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EBOLA

Ebola: France ‘on alert’ after recent scares

France stepped up its measures to prevent an outbreak of Ebola on Friday announcing it had appointed a team of experts to focus its response to the Ebola virus, and would boost efforts to help west African nations battling the disease.

Ebola: France 'on alert' after recent scares
A nurse suspected of having Ebola arrives at hospital in Paris this week. It turned out to be false alarm.Photo: Le Parisien

Despite several scares over suspect cases as the virus spreads further afield, Prime Minister Manuel Valls assured that no Ebola cases had been confirmed in France.

"The health system is on alert to rapidly detect and take care of any person affected by Ebola," he said in a statement.

France will on Saturday start carrying out health checks on travellers arriving from Guinea, one of the worst-hit nations alongside Liberia and Sierra Leone.

The country joins Britain, the United States and Canada in screening travellers for the disease.

The deadly virus has infected nurses in the United States and Spain who treated ill patients arriving from west Africa, where the bulk of the 4,500 deaths from Ebola have taken place.

"Given the scale of the Ebola outbreak in west Africa, France has decided to strengthen its international and national response," Valls said.

He named Jean-Francois Delfraissy, director of the national AIDS research agency, as coordinator of all international and national response operations, who will work with three other experts.

"Internationally France will do everything to help African countries confronted with Ebola, in particular Guinea," said Valls.

He said France will increase assistance to Guinea where it is already helping build treatment centres, and has also deployed technical experts.

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HOLLANDE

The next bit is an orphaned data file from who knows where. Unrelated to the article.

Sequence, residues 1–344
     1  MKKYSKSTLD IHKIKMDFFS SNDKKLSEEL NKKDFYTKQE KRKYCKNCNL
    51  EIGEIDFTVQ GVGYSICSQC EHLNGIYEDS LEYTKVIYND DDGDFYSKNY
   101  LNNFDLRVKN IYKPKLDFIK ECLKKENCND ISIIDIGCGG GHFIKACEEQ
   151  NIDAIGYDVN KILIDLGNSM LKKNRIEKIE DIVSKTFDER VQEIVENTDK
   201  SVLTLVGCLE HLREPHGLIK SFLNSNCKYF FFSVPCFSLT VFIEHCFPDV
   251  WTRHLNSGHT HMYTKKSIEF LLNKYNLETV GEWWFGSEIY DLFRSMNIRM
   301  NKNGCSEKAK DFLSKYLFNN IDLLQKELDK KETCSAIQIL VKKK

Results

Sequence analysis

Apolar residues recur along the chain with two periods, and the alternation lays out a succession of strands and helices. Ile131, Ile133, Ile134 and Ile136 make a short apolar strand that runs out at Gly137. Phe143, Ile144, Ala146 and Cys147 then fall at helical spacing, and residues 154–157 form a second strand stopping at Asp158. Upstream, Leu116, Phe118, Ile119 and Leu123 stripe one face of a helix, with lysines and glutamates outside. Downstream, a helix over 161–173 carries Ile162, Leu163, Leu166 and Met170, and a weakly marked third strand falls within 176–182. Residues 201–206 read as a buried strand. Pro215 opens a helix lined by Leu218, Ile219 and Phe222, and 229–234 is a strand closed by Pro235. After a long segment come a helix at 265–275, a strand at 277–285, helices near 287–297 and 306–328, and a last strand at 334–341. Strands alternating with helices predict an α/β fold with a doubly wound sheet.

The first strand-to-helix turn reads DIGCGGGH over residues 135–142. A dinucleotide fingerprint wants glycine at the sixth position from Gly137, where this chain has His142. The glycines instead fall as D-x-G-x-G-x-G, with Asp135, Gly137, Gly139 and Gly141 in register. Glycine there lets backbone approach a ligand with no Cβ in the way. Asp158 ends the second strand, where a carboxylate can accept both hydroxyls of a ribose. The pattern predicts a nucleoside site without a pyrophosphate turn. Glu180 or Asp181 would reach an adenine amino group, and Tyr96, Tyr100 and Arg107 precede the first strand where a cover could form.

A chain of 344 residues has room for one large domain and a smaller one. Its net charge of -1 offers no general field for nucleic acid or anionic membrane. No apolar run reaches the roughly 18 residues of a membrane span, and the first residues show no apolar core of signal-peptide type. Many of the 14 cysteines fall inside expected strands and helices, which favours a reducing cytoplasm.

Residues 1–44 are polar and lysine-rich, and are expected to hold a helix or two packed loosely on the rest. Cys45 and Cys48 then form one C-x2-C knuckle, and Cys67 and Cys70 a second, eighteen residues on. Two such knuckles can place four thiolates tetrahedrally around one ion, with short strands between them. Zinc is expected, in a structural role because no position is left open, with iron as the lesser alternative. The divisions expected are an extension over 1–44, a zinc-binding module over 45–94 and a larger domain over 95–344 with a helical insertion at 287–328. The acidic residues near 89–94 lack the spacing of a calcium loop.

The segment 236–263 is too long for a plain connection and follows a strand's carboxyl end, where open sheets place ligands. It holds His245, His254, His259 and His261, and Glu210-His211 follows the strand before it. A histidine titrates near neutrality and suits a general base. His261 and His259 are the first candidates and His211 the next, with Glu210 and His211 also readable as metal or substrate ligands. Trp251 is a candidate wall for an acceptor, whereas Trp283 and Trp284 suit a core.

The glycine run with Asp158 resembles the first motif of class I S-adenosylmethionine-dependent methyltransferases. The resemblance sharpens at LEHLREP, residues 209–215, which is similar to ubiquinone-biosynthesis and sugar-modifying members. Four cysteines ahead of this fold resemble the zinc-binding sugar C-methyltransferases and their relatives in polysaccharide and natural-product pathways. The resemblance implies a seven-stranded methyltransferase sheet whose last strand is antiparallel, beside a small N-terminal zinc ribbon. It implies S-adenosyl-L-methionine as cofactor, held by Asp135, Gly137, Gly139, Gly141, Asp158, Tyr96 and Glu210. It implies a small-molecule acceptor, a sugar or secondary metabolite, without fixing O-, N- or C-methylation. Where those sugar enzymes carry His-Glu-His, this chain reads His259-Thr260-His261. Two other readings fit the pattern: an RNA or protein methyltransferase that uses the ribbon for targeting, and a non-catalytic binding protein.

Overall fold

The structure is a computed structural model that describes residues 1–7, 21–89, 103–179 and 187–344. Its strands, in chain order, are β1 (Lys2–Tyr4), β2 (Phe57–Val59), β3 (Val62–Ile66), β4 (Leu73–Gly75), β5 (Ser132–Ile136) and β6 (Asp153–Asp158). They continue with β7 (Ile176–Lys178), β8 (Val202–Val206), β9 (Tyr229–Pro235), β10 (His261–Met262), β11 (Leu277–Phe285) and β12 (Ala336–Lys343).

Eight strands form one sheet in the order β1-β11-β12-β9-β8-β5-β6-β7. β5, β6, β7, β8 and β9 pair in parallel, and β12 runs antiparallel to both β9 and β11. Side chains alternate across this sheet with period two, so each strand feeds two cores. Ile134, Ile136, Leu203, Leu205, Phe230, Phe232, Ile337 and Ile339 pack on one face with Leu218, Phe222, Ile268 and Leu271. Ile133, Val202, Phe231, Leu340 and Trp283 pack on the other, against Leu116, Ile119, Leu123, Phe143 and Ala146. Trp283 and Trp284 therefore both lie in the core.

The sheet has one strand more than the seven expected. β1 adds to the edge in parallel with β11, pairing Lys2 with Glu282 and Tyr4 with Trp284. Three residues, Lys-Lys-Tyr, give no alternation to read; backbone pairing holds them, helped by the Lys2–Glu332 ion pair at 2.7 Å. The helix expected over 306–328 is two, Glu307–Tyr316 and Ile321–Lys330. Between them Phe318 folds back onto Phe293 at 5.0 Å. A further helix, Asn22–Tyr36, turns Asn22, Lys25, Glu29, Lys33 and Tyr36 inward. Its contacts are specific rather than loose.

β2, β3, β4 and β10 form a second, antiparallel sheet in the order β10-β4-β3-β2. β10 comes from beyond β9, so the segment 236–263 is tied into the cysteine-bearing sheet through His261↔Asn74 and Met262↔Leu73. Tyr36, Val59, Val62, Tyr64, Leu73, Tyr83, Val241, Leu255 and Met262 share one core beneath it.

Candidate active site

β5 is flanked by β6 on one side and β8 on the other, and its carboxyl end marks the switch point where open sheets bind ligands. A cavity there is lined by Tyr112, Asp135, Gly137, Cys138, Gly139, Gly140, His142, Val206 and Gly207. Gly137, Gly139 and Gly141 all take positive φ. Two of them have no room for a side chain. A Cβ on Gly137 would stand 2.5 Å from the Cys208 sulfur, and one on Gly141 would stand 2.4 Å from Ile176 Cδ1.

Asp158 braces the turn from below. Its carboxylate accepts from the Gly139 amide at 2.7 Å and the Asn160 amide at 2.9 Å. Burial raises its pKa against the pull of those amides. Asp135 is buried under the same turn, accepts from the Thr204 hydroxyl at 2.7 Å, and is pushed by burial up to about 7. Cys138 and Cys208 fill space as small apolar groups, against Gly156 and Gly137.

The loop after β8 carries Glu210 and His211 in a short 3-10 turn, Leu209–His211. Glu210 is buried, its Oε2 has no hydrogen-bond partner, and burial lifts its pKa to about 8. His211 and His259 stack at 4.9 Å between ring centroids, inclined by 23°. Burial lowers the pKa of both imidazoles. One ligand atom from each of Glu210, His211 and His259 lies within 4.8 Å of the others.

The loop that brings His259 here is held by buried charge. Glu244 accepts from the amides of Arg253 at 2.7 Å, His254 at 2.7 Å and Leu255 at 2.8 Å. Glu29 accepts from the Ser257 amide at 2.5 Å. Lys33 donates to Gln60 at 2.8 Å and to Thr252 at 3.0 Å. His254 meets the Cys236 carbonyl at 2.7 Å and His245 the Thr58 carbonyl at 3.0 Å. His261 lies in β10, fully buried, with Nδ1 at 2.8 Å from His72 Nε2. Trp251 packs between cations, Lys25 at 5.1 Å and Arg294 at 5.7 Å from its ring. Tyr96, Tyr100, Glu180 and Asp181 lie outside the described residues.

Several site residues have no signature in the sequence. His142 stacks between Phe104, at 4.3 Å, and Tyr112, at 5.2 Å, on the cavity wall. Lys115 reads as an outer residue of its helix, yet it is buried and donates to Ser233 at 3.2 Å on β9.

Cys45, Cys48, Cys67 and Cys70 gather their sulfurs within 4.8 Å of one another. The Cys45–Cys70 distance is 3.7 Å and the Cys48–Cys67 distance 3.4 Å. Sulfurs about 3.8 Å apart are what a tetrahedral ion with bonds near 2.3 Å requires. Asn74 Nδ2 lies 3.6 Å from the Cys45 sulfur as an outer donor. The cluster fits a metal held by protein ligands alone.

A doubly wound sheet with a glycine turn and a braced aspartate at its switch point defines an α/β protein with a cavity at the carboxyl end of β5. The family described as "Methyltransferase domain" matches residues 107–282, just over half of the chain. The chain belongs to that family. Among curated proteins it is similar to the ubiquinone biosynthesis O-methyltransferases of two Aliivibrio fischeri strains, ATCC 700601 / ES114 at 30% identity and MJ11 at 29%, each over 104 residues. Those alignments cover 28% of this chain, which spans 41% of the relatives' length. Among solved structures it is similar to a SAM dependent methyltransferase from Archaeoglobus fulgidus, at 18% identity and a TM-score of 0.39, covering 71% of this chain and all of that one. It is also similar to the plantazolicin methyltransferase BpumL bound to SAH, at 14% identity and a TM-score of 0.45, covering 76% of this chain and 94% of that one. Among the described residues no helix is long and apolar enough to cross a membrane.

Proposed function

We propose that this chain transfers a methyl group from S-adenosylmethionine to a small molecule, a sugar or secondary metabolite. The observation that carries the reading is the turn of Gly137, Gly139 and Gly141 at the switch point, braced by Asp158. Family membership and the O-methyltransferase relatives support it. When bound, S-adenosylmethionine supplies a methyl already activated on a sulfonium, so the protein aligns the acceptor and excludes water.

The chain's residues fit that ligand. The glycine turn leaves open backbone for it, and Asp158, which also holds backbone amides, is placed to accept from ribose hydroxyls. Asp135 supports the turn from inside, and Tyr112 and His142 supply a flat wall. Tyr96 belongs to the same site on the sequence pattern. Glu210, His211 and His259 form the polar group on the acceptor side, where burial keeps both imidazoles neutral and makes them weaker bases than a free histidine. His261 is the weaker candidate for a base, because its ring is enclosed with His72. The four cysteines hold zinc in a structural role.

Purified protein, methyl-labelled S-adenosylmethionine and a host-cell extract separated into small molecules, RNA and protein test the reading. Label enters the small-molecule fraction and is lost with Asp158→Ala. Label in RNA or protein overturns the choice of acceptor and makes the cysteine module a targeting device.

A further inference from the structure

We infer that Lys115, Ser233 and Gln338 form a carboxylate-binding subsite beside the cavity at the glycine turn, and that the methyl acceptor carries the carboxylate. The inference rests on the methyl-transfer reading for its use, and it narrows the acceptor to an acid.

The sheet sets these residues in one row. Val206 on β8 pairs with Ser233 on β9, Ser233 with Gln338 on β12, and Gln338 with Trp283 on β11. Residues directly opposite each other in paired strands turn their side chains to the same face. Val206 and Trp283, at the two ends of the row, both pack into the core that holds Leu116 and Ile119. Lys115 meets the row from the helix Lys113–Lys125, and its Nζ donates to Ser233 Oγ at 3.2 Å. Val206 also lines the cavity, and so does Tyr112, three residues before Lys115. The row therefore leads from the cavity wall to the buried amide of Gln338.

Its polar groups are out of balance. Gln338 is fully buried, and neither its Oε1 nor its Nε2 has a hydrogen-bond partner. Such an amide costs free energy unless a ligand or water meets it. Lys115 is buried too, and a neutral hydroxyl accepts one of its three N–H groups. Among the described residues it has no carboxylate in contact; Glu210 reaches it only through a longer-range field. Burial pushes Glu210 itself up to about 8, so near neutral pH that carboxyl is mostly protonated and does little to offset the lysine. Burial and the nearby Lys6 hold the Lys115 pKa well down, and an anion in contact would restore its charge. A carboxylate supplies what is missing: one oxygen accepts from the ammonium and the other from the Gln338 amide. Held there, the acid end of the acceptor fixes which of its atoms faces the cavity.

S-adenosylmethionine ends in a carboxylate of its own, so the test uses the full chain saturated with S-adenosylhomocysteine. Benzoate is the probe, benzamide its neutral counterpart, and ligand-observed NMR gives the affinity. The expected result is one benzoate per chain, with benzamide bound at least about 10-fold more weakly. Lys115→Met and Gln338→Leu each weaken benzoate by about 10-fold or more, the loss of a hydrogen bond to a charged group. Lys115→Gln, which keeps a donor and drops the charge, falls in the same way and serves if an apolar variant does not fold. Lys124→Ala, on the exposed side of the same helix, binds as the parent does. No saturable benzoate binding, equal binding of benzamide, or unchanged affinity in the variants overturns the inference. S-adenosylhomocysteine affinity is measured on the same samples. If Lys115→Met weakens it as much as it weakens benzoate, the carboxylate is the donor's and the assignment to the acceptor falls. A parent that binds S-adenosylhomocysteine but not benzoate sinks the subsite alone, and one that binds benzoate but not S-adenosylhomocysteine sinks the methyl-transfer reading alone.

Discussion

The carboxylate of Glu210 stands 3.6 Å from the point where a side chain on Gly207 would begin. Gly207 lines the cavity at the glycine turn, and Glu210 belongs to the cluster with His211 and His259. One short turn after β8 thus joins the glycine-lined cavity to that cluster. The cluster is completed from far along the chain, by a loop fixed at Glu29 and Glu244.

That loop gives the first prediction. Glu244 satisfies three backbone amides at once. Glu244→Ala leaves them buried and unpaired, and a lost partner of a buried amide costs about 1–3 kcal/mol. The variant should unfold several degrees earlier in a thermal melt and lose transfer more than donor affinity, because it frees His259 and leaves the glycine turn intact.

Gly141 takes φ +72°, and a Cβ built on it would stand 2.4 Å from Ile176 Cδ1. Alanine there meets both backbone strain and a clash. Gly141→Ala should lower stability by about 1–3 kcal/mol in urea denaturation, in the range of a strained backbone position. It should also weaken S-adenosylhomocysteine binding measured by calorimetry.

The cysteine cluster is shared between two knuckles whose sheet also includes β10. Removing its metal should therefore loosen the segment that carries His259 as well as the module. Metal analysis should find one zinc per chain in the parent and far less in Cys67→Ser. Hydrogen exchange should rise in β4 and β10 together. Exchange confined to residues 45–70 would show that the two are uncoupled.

Ebola: Hollande to be first leader to visit region

French President Francois Hollande will on Friday begin a visit to Guinea, making him the first Western leader to travel to a country hit hard by the deadly Ebola virus.

Ebola: Hollande to be first leader to visit region
Guinean Red Cross workers wearing protective suits carry the corpse of a victim of Ebola in Macenta. Photo: Kenzo Tribouillard/AFP

Guinea has already lost 1,200 people to the disease which has killed over 5,600 in total and infected almost 16,000, mainly in west Africa, according to World Health Organization figures.

The visit, the first by a French president since 1999, is a bid to deliver "a message of solidarity" to Guinea as it battles the worst outbreak of Ebola since the virus was discovered in 1976.

France has pledged 100 million euros ($125 million) as a contribution in the fight against Ebola, focusing its efforts on Guinea.

The money is due to help with financing several care centres in Guinea as well as funding 200 beds, some of which are reserved for health workers caring for the sick.

France has also pledged to set up two training centres for health workers, one in France and one in Guinea. In addition, French biotechnology companies will set up rapid diagnostic tests in Africa.

During the trip, Hollande was due to visit healthcare facilities, participate in a round-table discussion on Ebola as well as hold talks with his Guinean counterpart Alpha Conde.

After the one-day trip to Guinea, Hollande travels to Dakar to take part in a summit of French-speaking leaders that is likely to be dominated by the Ebola crisis as well as the recent unrest in Burkina Faso.

The OIF (International Organisation of French-Speakers) is expected to appoint a successor to former Senegalese leader Abdou Diouf.

However, there is no clear front-runner from the five main candidates, with a French government source telling AFP: "Anything could happen, including a last-minute candidate."

The OIF was founded in 1970 with the ambition to be a "French Commonwealth", a rival to the mainly English-speaking group of countries that are predominantly former British colonies.

But it is battling to find its relevance and retain its funding at a time when many governments find their budgets under pressure. France reduced its funding for the group by 20 percent this year.

French is currently spoken by close to 274 million people, with more than 50 percent of those in Africa — the 5th most spoken language in the world, behind Mandarin Chinese, English, Spanish and Arabic or Hindu depending on how it is calculated.

By 2050, the percentage of French speakers based in Africa is due to rise to 85 percent, with 700 million Francophones expected on the continent by then.

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